The Killer Elite by Robert Rostand is best known for being made into a 1975 film starring James Caan and Robert Duvall — a decent movie that was very different from the novel (though it did feature one of the first appearances of ninjas in American media!).
This is another story from those cynical, paranoid 1970s, when, in the wake of the high-profile assassinations of the 1960s, Vietnam, Watergate, failed revolutions and revelations about the CIA’s nasty antics around the world, every thriller seemed to involve shadowy government or corporate entities scheming to overthrow regimes, assassinate leaders and deceive humanity (sound familiar?). The works of Robert Ludlum, James Grady’s Six Days of the Condor, and the film Parallax View are good examples of the genre; The Killer Elite adds an assassination storyline reminiscent of Frederick Forsyth’s classic The Day of the Jackal.
The novel’s protagonist, Mike Locken, is an operative for SYOPS–a secret American agency tasked with transporting and securing Soviet defectors and other VIPs who may be targets of enemy action. As the story begins, three international assassins have been identified entering England following an anonymous tip-off. Their target is a popular African leader named Nyoko living in exile in London, whom his homeland’s strongman leader wants to eliminate to defeat a popular uprising.
The premise of the novel is an intriguing one: what if a government used a “killer elite” of assassins to take care of problems instead of military forces? It was inspired by an actual proposal made by a member of the British House of commons, as related in the novel to Locken’s boss:
Tell me, Collis, have you ever heard of John Lee? … Member of Parliament here a few years back. Absolute terror on military spending. Made a brilliant speech in the Commons in sixty-nine with a radical proposal on how to cut the size of the British Army. Lee’s idea was to turn it into a small elite of political assassins. … His logic was that a small power like Britain couldn’t hope to compete militarily with the superpowers. Lee thought in this day the political assassin was more fearsome than the Bomb, hence a better tool of diplomacy. His speech made quite a splash in the dailies.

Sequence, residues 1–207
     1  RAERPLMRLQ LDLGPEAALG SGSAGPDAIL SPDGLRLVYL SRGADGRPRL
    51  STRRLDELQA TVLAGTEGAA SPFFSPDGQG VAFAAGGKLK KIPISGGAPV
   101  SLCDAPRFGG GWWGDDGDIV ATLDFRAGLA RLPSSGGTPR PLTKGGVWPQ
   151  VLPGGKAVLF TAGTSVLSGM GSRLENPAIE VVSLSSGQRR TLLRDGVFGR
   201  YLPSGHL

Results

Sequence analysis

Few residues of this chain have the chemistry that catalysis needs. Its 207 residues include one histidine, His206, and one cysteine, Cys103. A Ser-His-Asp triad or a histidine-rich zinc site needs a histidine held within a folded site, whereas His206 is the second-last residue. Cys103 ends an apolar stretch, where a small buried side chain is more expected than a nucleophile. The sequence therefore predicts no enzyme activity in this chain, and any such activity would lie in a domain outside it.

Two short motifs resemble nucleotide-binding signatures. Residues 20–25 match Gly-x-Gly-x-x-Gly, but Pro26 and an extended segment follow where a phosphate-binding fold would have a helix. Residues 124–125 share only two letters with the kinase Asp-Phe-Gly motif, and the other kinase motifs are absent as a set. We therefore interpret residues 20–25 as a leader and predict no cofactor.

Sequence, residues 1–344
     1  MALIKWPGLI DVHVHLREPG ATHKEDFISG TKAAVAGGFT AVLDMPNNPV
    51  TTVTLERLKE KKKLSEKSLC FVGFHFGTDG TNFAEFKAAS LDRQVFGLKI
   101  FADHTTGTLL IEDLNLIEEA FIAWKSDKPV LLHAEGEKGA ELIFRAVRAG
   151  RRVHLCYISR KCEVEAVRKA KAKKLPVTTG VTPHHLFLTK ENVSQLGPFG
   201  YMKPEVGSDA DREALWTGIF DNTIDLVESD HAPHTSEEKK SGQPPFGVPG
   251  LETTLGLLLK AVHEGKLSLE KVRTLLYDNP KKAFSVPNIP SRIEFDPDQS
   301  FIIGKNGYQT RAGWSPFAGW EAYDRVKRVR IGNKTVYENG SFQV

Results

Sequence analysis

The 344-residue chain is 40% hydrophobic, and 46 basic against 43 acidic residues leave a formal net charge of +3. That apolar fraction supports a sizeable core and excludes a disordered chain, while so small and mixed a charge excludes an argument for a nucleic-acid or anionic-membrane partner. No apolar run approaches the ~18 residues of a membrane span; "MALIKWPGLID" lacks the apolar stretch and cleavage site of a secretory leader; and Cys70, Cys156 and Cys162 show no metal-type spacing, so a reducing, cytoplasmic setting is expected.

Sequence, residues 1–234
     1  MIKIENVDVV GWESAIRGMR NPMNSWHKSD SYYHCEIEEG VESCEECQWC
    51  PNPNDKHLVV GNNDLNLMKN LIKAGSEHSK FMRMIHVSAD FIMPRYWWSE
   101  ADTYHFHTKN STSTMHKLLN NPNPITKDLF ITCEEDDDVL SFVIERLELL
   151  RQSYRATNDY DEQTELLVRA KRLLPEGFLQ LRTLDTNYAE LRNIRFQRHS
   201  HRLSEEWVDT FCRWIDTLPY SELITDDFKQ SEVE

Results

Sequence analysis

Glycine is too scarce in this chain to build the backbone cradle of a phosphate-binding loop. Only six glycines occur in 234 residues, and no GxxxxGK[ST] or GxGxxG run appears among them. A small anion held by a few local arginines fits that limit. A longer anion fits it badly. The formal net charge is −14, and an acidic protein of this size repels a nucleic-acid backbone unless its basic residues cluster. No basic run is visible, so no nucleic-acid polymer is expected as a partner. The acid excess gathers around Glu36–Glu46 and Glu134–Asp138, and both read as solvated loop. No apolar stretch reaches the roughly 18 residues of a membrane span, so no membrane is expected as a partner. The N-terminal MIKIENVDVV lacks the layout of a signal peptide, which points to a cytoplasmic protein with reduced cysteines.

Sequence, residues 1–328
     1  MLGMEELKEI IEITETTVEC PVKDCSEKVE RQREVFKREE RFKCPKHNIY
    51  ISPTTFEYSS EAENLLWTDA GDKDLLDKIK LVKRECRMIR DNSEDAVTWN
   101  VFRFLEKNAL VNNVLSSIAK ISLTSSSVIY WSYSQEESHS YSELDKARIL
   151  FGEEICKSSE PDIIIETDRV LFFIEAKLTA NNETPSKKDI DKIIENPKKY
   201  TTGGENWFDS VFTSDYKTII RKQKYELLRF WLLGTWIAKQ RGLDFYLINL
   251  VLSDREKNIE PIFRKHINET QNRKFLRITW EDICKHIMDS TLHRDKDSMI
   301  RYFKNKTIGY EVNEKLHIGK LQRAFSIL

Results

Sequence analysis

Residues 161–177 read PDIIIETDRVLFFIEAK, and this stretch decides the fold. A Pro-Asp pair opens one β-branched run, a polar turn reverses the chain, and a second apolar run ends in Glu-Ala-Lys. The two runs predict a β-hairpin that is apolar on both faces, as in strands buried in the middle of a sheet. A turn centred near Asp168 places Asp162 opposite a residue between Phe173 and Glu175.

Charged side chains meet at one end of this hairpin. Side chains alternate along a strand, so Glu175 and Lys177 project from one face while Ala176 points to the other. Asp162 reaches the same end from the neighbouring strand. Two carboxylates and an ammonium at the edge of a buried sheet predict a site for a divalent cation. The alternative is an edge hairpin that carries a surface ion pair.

The African strongman has decided to adopt this policy, employing mercenary assassins in place of a standing military to take care of problems like Nyoko. The other major plot element driving the narrative is the fact that Locken was nearly killed during his previous assignment, by an assassin who happens to be one of the three hunting Nyoko. So Locken has an opportunity for revenge, and his new assignment becomes very personal.
After this intriguing setup, the novel becomes a chase story, as Locken has to safely escort Nyoko and his daughter out of Britain while luring the hated assassin out so he can kill him. There are twists and turns as treacheries and deceptions are discovered, and a fairly dramatic final confrontation. But just as the story climaxes, Rostand decides to give us several pages of exposition explaining exactly how the plot twists and machinations led to this point, which I found jarring and not very good story-telling. I also found several of the characters improbable, like the old man Nyoko and his city girl daughter, who suddenly turn into fierce primal warriors in the Welsh bush.
According to his bio, author Robert Rostand (real name Robert Hopkins) spent considerable time working and living abroad, which brings a worldly sophistication to his writing that elevates this novel a notch or two above the typical thriller. But it doesn’t reach the heights of other well-travelled authors like Forsyth, Trevanian or Adam Hall. The Killer Elite wasn’t a great read, but it was interesting enough that I’ll probably try the next installment of the Mike Locken series or other works by Rostand.
Get a copy of The Killer Elite here.